Figure 1. Federal Offshore Oil and Gas Revenues for
for leases in the Gulf of Mexico region. Like other sales in
April Through August, 2016-2020
DOI’s offshore oil and gas leasing program for 2017-2022,
it offered all legally available unleased areas in federal
waters of the Gulf. The sale drew high (winning) bids
totaling $93 million, which compares with high bids of
$159 million (August 2019), $244 million (March 2019),
$178 million (August 2018), $125 million (March 2018),
and $121 million (August 2017) for other Gulf lease sales
in the 2017-2022 program.
BOEM postponed an additional Gulf lease sale (Lease Sale
#256) that had been scheduled for August 2020. BOEM
stated that postponement until November 2020 would allow
the agency to analyze oil and gas market changes stemming
in part from the COVID-19 pandemic.
Rents
Source: ONRR, “Revenue by Month,” at https://revenuedata.doi.gov/
Rental payments, collected annually on active but
downloads/revenue-by-month/. Includes bonuses, rents, royalties, and
nonproducing leases, typically account for a smaller portion
“other revenues” for the commodity categories Oil, Gas, Oil & Gas, and
of total revenues than do royalties or bonuses. Operators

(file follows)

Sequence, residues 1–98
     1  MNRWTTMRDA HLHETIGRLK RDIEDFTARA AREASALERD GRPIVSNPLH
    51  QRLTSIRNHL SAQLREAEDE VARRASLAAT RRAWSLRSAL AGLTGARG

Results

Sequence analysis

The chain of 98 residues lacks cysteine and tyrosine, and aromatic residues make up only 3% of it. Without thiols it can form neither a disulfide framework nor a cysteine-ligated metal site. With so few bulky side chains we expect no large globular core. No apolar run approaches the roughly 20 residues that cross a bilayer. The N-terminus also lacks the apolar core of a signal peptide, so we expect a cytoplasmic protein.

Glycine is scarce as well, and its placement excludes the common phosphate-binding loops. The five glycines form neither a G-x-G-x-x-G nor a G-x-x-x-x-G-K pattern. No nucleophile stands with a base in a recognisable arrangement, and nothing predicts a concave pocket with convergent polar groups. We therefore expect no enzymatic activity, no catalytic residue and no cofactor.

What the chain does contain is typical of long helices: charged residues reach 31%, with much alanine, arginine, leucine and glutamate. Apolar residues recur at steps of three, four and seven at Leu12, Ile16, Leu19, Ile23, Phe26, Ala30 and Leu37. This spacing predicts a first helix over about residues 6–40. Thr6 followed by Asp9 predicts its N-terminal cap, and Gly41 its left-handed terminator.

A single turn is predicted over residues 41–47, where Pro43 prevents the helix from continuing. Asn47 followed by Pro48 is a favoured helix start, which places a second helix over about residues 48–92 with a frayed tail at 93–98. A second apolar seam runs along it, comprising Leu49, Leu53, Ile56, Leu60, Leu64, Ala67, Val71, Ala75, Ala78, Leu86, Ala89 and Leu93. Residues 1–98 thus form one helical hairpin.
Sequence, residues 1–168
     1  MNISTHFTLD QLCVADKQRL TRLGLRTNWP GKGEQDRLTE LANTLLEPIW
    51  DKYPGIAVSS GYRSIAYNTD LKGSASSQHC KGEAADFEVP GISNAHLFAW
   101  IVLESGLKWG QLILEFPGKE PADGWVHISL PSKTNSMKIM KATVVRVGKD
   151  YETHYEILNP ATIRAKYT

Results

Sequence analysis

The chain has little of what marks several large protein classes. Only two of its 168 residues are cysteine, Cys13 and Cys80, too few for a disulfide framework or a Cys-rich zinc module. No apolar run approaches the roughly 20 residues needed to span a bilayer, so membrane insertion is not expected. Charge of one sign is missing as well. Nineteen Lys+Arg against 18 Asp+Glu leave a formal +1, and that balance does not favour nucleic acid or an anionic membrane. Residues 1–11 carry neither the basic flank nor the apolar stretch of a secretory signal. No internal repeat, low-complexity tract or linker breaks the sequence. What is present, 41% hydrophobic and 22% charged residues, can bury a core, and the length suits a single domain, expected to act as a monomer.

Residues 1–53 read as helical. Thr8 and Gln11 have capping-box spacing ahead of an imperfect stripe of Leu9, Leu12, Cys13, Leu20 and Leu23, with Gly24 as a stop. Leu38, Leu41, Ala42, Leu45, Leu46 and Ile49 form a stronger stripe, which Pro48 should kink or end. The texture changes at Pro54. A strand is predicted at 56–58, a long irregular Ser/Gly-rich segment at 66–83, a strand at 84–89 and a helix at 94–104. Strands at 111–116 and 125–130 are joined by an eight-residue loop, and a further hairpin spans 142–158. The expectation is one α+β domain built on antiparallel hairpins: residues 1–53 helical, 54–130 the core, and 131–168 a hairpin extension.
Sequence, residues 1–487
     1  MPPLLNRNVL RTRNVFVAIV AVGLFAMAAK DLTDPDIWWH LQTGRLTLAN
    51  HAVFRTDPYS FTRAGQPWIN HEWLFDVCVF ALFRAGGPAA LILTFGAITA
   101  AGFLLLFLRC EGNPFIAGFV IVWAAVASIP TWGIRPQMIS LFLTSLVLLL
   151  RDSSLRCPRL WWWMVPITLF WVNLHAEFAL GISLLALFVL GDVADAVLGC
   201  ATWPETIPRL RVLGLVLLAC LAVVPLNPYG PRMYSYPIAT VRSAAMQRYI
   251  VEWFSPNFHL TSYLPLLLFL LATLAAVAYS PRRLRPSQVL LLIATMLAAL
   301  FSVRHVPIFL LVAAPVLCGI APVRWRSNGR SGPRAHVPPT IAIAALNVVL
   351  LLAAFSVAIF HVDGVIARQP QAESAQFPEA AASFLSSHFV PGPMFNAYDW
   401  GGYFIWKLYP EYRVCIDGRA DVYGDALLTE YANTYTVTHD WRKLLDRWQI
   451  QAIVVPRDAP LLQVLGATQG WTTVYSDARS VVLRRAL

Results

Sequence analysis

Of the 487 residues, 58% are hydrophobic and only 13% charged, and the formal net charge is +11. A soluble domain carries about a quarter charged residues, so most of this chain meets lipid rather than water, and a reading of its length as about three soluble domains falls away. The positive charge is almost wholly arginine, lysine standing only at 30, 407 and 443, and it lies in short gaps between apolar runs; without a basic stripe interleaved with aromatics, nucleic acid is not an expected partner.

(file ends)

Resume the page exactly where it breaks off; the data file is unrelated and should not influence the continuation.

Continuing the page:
NGL (natural gas liquids). Does not include inspection fees.
pay varying rental rates per acre, based on the water depth
Notes: Royalties reflect sales in the previous month. Bonus payments
of the lease, the age of the lease, and other factors. Rental
may reflect lease sales from earlier months.
rates have not changed in the past five years, but the
https://crsreports.congress.gov

link to page 1 Federal Offshore Oil and Gas Revenues During the COVID-19 Pandemic
number and acreage of nonproducing active offshore leases
State Revenue Shares. Under the OCSLA and GOMESA,
have varied, affecting rental payment totals. For example,
a portion of offshore oil and gas revenue is shared with
in September 2020, BOEM reported 1,702 active but
coastal states. GOMESA provides the majority of shared
nonproducing leases on the OCS, whereas in January 2017,
revenues; 37.5% of revenues from qualified leases (up to a
there were 2,345. For April-August 2020, ONRR reported
specified cap) are shared among Alabama, Louisiana,